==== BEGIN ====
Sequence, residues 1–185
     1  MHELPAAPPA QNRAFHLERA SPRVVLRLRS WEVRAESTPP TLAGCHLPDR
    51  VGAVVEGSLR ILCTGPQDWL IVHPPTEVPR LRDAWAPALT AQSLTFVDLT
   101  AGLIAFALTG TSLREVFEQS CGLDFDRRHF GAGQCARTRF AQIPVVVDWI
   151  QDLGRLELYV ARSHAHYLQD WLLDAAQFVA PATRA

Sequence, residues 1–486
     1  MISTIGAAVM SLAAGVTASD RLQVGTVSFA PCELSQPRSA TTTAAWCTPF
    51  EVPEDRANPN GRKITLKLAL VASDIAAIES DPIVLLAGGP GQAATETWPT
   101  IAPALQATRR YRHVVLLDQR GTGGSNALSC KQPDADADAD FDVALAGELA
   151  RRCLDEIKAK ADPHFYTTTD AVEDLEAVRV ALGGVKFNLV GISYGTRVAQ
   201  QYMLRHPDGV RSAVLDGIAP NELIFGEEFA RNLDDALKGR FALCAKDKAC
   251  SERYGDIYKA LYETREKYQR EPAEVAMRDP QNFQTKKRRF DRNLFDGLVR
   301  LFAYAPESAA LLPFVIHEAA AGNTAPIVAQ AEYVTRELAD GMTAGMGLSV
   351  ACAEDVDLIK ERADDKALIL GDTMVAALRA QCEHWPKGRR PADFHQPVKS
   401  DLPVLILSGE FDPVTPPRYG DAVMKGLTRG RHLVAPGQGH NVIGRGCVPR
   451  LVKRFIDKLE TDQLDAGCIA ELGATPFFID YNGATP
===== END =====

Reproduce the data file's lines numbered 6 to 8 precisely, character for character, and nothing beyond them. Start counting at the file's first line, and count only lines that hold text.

Sequence, residues 1–486
     1  MISTIGAAVM SLAAGVTASD RLQVGTVSFA PCELSQPRSA TTTAAWCTPF
    51  EVPEDRANPN GRKITLKLAL VASDIAAIES DPIVLLAGGP GQAATETWPT